Sunday, November 30, 2014

southern hemisphere christmas

I have caught a stonking cold from my son.

We're falling like soldiers in this house.


Not only am I excited to go home for Christmas after six years of doing it elsewhere (here mostly, and one stray year when I was backpacking in Argentina), but it's the first Christmas my Brit will be spending down south.

He's never experienced a sunny, warm Christmas; the mere concept of it blows his mind.
"I can't imagine what it's you just hang out on the beach?"

Well, yes, if I lived by the beach.

I explained that we do pretty much everything that people do here, but without the Christmas jumpers and Seasonal Affective Disorder lamps. Brits generally put on a better show though. It has to be said. Because it's so cold and dark, they really go all out on the food, the cosy atmosphere, decorations and things like Black Friday. When the weather is shyte, it's something to really look forward to, so people here really embrace the festive.

They wear lots of sparkly things, drink loads of mulled wine and spiced cider, and warm fruity puddings. Certain streets have big "switching on of the Christmas lights" evenings, where Christmas markets come out, we all bundle up warm and go and watch.

We did it the other night with our other baby-addled friends. We bundled up the babies, went down to Northcote Road, sunk a few glasses of prosecco, and felt all Christmassy.
December in London is wonderful.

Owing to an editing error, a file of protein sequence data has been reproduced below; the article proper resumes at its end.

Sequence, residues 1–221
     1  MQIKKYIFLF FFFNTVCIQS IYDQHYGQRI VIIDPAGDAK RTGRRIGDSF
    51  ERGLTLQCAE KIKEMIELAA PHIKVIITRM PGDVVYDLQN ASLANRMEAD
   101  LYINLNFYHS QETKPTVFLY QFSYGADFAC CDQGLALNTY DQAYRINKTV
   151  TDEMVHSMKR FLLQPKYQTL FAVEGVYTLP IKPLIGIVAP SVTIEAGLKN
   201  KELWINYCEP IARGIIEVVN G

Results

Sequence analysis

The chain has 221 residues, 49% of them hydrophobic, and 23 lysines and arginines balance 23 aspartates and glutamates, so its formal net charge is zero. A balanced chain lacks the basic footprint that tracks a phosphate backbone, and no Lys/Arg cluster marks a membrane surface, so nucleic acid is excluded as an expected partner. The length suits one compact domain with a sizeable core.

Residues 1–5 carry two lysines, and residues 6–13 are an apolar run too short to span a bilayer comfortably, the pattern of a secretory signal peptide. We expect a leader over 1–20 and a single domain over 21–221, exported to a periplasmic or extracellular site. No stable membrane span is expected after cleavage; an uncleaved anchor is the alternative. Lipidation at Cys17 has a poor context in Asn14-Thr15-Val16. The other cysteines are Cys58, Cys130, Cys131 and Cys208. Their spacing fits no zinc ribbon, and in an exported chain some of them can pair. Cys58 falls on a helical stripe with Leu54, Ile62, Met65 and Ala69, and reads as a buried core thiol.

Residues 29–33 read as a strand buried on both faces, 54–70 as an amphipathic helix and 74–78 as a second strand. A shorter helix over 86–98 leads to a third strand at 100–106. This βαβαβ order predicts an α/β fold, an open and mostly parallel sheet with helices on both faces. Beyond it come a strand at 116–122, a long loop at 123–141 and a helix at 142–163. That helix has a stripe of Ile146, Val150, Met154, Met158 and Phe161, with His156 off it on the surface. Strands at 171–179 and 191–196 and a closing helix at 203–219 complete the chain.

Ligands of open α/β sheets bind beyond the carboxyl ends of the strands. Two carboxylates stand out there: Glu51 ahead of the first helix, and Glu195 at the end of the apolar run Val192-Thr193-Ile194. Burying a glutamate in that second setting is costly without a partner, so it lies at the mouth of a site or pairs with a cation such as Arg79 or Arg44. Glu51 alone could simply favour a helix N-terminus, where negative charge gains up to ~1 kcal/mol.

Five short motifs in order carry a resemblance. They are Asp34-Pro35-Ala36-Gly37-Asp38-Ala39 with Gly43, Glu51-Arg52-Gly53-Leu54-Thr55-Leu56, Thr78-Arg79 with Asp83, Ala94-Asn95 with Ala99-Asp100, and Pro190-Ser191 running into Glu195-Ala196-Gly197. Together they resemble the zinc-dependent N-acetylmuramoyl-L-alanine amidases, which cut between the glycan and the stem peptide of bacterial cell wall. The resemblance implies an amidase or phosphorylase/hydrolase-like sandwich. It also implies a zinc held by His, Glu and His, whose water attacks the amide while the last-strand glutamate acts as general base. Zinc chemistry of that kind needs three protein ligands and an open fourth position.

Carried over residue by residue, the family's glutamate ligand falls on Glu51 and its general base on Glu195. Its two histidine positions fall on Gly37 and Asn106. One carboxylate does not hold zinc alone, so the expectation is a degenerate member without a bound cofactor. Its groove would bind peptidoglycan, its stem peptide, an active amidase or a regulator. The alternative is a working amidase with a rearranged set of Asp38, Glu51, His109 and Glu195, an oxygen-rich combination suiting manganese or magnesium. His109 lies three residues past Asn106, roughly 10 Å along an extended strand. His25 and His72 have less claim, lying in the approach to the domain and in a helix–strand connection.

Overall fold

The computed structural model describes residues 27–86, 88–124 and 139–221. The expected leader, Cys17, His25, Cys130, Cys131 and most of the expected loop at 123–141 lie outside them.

It's January when you pack away the sparkles, Christmas jumper and there's nothing to look forward to until the spring (and longer days), that you want to suicide yourself.

Anyway, we are spending Christmas in Cape Town with the extended family for a few days, having rented a house with a swimming pool.
We are making an extra special effort - for the Brit's sake, and as we have a new member of the family to celebrate.

We'll be whacking a turkey on the weber, crisping ourselves in the sun as we do so, eating cold gammon and salads, and drinking chilled wine. Afterwards, we will have meat sweats and will sleep it off for three hours as we fight against the heat and digesting of a massive meal.

I cannot wait.

I also can't help myself.

"I need to tell you about a family tradition we do, but I'm not sure you're going to like it."


Peas: Well, you know how it's about 30 degrees and after you eat Christmas lunch you usually need a sleep and a swim?

Brit: ....yes?

Peas: Well. In our family, we all strip down and go skinny dipping. We've done it for years.

Brit: What??

Peas: It's nothing hectic, you just jump in the pool and that's that.

Brit: With your mother? And father?

Peas: Yes.

Brit: That's just weird. Not doing it. Can't do that.

Peas: It'll be fine, promise.

Brit: That's so weird. Are you having me on?

Peas: It sounds worse than it is.

Brit: No. You guys crack on. I'll go for a walk.


And never come back.

Peas: It'll be fine.

So he thinks that's what we do. Am I being cruel?
(We don't. Just in case.)

Back to my Lem Sip and 8000 tissues.

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